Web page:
Self care is an ethical requirement
I have heard, over the past year or so, more excuses as to why youth workers can’t commit to self care than I care to recall. These excuses ranged from a lack of time and money to not knowing where to start and lack of support from management. Many of these excuses are baseless and push focus away from the workers who should have been more involved in their own care. However there are a number which have a base in dodgy policy and even worse practice.
First amongst my pet peeves is the youth worker who believes that they can trod through their work without supervision, professional development and support and still provide exceptional support to their clients. YOU CAN’T! It is one thing that it is not given to you as a youth worker, it is completely incompetent to not actively seek it out in your own time on your own dime. It is an ethical requirement that youth workers perform at their best, Which means youth workers need to have training and support to deal with the load that we carry. It is an ethical requirement for ultimate youth workers.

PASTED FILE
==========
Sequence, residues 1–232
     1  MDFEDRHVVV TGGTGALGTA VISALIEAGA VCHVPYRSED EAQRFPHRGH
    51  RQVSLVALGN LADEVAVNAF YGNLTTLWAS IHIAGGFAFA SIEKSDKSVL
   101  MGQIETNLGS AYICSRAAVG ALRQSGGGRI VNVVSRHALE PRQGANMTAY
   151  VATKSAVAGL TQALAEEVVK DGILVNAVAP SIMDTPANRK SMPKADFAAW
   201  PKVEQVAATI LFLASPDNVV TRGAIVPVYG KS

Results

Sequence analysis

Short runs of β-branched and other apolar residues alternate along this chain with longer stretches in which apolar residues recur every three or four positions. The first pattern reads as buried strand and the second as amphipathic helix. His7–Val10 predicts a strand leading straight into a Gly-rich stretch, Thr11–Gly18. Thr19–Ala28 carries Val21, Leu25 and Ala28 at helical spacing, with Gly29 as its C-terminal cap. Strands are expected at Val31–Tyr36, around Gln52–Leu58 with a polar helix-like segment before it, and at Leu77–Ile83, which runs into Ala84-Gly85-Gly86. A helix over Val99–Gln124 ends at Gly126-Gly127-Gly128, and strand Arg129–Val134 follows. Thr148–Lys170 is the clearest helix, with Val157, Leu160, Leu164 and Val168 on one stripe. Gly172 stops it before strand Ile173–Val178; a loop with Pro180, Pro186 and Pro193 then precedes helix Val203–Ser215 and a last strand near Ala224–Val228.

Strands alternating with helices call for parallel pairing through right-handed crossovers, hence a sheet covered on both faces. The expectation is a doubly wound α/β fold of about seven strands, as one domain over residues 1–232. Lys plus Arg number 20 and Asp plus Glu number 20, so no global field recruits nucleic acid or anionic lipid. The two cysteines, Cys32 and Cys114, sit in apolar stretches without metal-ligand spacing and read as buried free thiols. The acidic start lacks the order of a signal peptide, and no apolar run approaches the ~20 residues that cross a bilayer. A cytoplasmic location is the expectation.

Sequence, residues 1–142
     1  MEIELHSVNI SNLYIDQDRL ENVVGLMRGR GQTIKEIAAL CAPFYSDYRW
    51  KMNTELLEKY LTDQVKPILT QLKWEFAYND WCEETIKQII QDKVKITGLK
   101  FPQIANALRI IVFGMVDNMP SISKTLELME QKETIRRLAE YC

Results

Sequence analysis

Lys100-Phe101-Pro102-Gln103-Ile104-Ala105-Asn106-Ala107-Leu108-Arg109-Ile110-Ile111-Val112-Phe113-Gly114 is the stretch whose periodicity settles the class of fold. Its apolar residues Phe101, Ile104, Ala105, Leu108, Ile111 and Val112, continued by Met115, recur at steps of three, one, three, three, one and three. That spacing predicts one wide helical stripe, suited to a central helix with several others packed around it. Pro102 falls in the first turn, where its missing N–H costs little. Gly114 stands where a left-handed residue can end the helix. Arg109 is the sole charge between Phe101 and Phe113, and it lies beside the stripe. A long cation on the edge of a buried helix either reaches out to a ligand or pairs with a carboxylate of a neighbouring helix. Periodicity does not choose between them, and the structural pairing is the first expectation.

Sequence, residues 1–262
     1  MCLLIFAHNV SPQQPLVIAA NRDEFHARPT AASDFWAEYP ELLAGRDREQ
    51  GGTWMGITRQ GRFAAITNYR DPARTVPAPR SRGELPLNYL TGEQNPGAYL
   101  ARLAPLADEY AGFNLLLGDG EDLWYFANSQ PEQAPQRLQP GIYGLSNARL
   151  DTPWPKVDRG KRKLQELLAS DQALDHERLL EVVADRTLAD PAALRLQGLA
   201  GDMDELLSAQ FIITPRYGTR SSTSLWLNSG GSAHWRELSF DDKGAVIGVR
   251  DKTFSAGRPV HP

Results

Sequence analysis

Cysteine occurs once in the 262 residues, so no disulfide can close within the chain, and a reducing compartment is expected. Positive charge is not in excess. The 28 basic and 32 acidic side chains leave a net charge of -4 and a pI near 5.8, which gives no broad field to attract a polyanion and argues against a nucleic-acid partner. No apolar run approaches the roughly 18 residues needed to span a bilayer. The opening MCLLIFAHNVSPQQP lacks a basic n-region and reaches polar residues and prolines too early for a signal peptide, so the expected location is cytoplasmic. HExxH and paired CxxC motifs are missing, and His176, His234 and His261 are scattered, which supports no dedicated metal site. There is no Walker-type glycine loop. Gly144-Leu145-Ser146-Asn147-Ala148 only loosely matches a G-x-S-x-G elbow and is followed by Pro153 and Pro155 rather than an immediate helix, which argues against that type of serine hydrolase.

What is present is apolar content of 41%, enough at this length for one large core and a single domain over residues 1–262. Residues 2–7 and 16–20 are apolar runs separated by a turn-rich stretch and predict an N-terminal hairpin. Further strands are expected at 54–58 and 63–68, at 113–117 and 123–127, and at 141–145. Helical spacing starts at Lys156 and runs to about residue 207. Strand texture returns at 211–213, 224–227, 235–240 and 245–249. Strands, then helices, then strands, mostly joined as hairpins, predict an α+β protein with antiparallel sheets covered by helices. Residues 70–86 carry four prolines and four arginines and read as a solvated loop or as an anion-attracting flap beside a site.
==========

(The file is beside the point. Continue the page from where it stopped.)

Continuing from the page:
The second and even more repulsive is when managers put ticking boxes above the health and wellbeing of their staff. Over the years I have worked in a number of different organisations and have seen great managers and woeful ones. The ones who put the funding agreements above their staff have revolving doors which spit those staff out when they are all used up. They rarely send staff to professional development that is worth going to and don’t know how to supervise their staff apart from the administrative graces of checking their case load is up to scratch. These managers vehemently defend the ethical need to reach targets and quash those who speak of self care being just as ethically required.
Good self care is an ethical requirement not something that can be forgotten. Exceptional youth workers need great support and training. There is no excuse for lacking self care.